The Braves took the lead with two runs in the eighth and the Reds answered with two of their in the bottom half of the inning. In the top of the ninth, the bullpen once again let the Reds down as Rawly Eastwick was tagged for two more runs to give the Braves a one run lead. The Reds went down quietly in the ninth to end the game.
Eastwick dropped to 2-2 on the season as a great start by Gary Nolan went to waste. Nolan shut the Braves out on only two hits through seven innings.
May 25, 1976 at Riverfront Stadium
Reds 10, Braves 4 (24-15)
The Reds scored double digits for the second straight game as they trounced the Braves. George Foster had his second straight montster game. He went three for five with two homeruns, five RBIs and two runs. Johnny Bench drove in three runs and Ken Griffey scored three times.
Santo Alcala improved his record to a still perfect 4-0. He gave up four runs on four hits and six walks. Pedro Borbon threw the final three frames and held the Braves scoreless en route to his second save of the season.
It’s been a nice couple of days for Reds fans. The Brewers came into town and we’re one win away from sweeping them. More impressively, we’ve manhandled their pitching staff. Fifteen runs on Monday and then seven more yesterday.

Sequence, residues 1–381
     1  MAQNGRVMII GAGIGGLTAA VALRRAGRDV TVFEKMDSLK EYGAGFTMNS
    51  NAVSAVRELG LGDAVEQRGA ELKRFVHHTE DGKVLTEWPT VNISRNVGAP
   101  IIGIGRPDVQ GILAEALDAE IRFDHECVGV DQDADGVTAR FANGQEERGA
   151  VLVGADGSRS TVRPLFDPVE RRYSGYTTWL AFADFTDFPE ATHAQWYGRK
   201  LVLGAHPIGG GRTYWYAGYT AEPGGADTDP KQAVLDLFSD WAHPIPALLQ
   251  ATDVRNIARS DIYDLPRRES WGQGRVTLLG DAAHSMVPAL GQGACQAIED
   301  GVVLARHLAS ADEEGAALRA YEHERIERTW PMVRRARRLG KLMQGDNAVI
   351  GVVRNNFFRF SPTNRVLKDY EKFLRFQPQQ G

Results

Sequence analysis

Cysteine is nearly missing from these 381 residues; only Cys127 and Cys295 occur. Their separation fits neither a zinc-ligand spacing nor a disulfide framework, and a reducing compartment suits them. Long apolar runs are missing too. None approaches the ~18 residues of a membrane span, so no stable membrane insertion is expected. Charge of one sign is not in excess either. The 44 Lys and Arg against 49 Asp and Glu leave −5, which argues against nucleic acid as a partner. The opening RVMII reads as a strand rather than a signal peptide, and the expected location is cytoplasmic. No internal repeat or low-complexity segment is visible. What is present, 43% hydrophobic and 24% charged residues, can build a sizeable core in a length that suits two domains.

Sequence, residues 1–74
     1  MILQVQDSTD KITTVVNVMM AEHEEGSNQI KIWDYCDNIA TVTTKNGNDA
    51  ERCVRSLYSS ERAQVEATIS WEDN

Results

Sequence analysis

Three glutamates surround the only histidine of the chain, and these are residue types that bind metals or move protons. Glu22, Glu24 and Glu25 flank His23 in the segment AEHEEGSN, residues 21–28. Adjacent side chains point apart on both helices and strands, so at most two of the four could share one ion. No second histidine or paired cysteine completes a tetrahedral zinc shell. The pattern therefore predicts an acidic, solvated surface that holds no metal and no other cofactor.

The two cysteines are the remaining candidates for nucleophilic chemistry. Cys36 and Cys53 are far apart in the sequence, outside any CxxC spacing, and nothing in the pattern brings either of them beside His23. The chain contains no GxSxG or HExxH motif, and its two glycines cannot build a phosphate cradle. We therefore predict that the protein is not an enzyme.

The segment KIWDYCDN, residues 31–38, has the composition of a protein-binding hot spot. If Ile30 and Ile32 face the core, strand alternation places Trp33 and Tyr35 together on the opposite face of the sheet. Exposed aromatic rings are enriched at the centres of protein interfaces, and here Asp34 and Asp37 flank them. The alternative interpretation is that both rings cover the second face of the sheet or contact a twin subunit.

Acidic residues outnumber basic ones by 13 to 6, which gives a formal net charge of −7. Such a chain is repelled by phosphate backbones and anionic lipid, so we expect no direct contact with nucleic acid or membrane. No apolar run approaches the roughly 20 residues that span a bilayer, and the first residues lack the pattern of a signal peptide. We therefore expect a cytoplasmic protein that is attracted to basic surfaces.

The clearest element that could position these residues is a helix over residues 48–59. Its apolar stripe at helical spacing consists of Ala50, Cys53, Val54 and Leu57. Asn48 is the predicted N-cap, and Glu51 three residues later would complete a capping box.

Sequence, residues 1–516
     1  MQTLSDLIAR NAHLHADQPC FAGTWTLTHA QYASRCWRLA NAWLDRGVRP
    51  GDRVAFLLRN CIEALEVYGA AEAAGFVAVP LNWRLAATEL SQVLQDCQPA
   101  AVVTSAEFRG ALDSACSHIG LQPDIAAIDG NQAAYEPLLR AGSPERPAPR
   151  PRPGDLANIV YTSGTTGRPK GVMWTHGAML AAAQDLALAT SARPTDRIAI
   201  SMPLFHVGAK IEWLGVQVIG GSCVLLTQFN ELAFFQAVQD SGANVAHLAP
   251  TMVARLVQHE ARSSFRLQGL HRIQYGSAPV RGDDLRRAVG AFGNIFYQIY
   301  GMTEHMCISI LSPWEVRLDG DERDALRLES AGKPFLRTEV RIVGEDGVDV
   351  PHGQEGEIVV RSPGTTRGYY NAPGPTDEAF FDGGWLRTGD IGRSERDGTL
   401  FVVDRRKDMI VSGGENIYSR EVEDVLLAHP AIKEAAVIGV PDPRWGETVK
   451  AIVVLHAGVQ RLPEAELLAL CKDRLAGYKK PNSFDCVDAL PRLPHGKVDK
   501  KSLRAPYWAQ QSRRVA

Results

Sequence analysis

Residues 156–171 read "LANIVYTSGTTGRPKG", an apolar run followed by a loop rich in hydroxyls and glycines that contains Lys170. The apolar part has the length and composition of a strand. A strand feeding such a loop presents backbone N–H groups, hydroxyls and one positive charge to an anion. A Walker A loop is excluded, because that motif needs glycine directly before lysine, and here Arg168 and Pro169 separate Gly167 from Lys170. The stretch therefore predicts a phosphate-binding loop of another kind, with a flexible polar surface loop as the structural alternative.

At the forefront has been Ken Griffey, Jr. In his last four games, he has two doubles, three homeruns and eleven RBIs. He also has a seven game hitting streak going right now. If there’s one concern, it’s his patience at the plate. Right now he has only six walks 82 at bats. The impressive number though is his 25 RBIs in 20 games.
People forget that Griffey started at a very early age, and despite the fact that he played in the late 80s, he’s only 36 (he’ll be 37 in November). Say he has three more years of good but not great production, and you could see him flirt with 3,000 hits and 600 homeruns.
Brandon Phillips continues to amaze. Three years ago, I picked him up in a sim league I was in. Then he did nothing. And I mean nothing. Even his AAA seasons were mediocre. But at one point, this guy was a top five prospect and now he’s showing why. He’s not hitting for a ton of power, but he’s hitting .311 and he has 10 stolen bases and hasn’t been caught at all. And he has 31 RBIs in 38 games, which is pretty impressive for a guy hitting in the top of the order. What a great pick up by the new management team.
Brandon Claussen throws against Doug Davis today. Now it’d just be nice if the Cardinals slipped a little so we could move back into first place.
May 23, 1976 at San Diego Stadium
Reds 11, Padres 0 (23-15)
The Reds finished their three game series over the Padres with an eleven run pasting. The Reds scored two in the second and three in the third, and then busted the game open in the sixth with six runs.
Lost in the offensive onslaught was a three hit shutout by Jack Billingham. he struck out five and didn’t walk a single batter.